Tilting at Windmills || Man of La Mancha

If I haven’t mentioned it before, my gateway drug into classic film was the movie musical. My Father, a trained psychologist, used them to entice his daughters away from a glut of cartoons and into the world of “live-action.” I admit, with all honesty, that I was once terrified by this prospect. I’m not sure precisely what traumatized me about non-animated cinema (I suspect I glimpsed something that I shouldn’t have and my young brain just kind of shut down on the matter), but for years any film that occupied more than two-dimensions gave me a deep sense of unease. 

My Father, however, was undaunted by the challenge, determined to share with us the (age-appropriate) films he loved. A clever man (I learned early-on the significance of Dr. Jeffrey’s Ph.D.), Dad noticed how I relished my Disney Sing-Alongs. Music then (no-imminent-pun-intended), was the key to getting little-Meg to watch something other than Aladdin for the ninth time. We started with Singin’ in the Rain, then Hello Dolly!, and then moved on to the Rodgers and Hammerstein collection. By the time I left my single-digit years behind, I had fallen in love with cinema’s song-and-dance-men (and women).

One afternoon, I recall Papa telling my sister and I to go to our rooms and see what was on our beds. Scurrying down the hallway, I discovered the double-VHS version of Camelot, while my sister, who was a devoted fan of Wishbone, in particular the episode entitled “The Impawssible Dream,” found Man of La Mancha (1972) propped up on her pillow. As summarized on the film’s IMDb page: “The story of a mad, but kind and chivalrous, elderly nobleman, who, aided by his squire Sancho Panza, fights windmills to save his Dulcinea.”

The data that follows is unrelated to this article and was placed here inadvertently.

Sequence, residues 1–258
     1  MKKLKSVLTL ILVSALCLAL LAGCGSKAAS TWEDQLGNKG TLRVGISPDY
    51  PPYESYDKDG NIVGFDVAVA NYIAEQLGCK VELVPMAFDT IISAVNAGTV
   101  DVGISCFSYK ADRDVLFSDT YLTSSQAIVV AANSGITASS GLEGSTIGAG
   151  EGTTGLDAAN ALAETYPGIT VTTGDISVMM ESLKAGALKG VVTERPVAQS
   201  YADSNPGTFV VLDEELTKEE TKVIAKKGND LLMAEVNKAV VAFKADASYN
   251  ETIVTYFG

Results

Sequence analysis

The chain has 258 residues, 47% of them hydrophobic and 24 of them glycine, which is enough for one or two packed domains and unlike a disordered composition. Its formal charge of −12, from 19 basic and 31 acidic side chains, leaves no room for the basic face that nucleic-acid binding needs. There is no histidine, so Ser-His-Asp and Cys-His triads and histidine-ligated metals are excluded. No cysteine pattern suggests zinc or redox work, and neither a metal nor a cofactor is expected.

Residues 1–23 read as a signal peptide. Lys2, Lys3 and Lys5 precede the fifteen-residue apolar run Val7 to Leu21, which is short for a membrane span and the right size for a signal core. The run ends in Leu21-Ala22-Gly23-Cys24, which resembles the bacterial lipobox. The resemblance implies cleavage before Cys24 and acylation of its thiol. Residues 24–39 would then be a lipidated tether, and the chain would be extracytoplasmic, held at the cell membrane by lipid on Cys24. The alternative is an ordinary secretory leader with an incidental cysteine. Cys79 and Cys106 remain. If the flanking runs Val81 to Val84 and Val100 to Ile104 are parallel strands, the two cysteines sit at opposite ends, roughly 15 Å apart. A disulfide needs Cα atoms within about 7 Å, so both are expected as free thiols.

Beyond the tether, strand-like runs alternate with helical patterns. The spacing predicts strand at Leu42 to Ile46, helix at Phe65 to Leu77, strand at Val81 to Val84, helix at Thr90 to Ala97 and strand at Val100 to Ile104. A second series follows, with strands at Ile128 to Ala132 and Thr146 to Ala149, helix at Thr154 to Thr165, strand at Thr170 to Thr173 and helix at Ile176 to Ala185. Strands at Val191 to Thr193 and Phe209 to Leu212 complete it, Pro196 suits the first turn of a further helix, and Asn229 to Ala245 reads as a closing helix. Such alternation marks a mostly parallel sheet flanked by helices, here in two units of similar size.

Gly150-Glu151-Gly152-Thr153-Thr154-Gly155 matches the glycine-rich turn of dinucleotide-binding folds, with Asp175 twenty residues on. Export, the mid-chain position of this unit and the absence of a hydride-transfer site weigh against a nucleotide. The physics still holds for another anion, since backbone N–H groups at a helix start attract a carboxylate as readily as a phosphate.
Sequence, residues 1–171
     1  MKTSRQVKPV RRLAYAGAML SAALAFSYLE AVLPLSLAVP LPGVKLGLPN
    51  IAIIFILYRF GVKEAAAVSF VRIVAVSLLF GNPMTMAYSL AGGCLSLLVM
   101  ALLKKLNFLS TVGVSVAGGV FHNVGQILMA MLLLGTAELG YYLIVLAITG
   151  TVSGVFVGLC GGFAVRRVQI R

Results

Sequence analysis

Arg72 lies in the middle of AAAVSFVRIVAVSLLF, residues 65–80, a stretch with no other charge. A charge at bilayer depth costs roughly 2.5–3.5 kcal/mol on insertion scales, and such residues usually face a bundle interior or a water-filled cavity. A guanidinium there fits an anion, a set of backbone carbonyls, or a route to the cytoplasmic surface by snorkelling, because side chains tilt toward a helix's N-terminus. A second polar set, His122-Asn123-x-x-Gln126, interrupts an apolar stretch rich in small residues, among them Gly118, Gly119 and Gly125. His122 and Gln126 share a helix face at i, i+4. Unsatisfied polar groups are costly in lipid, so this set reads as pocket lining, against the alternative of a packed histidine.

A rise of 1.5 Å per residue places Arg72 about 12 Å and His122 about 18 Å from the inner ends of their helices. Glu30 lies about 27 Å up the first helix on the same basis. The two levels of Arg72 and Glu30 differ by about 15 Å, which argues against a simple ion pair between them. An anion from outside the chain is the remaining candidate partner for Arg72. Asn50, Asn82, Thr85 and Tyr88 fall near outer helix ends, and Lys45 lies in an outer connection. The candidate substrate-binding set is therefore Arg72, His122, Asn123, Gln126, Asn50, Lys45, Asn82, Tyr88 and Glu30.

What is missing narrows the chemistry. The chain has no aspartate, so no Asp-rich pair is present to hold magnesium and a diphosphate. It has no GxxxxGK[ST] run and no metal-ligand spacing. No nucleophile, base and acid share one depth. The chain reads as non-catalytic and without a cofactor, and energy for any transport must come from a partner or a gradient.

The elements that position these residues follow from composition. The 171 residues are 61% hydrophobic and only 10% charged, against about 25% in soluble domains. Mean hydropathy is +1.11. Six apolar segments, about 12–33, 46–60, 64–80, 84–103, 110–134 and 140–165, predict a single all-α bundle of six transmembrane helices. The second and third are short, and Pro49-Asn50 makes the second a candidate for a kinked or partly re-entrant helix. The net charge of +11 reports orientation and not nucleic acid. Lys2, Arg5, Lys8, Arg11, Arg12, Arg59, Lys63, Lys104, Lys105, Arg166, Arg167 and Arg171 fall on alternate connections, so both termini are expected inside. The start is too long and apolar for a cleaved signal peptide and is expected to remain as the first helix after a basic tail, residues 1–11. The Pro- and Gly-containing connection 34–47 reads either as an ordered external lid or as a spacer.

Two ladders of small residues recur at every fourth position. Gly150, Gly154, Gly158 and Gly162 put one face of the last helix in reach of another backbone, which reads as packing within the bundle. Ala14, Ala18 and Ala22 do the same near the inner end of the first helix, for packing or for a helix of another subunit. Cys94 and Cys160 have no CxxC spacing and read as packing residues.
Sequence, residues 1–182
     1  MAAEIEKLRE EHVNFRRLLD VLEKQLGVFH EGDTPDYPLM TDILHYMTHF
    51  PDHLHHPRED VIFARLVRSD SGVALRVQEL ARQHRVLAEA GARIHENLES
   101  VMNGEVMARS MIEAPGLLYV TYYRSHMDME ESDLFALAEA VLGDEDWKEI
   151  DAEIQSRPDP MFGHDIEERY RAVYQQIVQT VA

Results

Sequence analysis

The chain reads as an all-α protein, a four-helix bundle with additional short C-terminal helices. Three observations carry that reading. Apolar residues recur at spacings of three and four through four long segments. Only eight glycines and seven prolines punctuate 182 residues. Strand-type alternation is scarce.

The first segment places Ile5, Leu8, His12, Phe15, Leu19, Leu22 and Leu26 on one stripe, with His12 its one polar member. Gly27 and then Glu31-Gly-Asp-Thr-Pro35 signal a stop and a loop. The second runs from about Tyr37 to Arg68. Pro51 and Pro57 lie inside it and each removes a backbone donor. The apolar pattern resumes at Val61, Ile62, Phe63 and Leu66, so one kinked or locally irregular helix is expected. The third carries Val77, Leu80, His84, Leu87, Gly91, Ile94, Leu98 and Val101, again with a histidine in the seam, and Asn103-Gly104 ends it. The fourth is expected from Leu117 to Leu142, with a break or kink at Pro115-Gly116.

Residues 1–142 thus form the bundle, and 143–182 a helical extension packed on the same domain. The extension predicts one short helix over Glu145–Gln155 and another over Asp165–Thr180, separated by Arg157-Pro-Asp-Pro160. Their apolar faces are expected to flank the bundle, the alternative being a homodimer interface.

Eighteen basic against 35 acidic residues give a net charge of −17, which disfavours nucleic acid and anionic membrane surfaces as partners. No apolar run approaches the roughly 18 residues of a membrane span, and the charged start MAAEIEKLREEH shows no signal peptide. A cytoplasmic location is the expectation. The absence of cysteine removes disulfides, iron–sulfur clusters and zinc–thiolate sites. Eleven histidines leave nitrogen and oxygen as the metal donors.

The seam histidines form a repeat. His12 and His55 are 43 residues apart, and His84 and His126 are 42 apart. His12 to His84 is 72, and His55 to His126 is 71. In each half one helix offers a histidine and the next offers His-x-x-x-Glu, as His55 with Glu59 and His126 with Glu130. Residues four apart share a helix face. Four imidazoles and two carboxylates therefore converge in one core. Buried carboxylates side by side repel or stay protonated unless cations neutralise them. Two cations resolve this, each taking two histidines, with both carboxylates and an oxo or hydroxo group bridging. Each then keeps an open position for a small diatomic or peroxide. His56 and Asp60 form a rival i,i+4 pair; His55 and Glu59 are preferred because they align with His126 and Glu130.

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Knowledge is Power || Raiders of the Lost Ark

Many an elementary school child has been asked: “what do you want to be when you grow up?” It is only later, however, when they discover the challenges that come with being a space explorer, a princess, or a marine biologist (I just wanted to swim with dolphins, but noooooo, I had to take advanced statistics). The future (8-year-old me was certain), was full of the same possibilities I saw projected up on the silver screen. After my parents broke the news that I might not make “Jedi Master” by the time I turned 18, I next considered going into archeology. After all, I looked good in Dad’s fedora, and learning how to sling a whip seemed like a lot of fun.

Judging by the myriad adult males I saw dressed as Indiana Jones last weekend at PAX, it seems I am not alone in my admiration for the titular hero of 1981’s Raiders of the Lost Ark. This film, as they say, is the one that started it all (although it draws inspiration from other adventurers like Tarzan, Tintin and Allan Quartermaine). Here is Harrison Ford at his finest; Steven Spielberg at his funnest; and John Williams… well, John Williams is amazing as always. As summarized on the film’s IMDb page: “In 1936, archaeologist and adventurer Indiana Jones is hired by the U.S. government to find the Ark of the Covenant before Adolf Hitler’s Nazis can obtain its awesome powers.”

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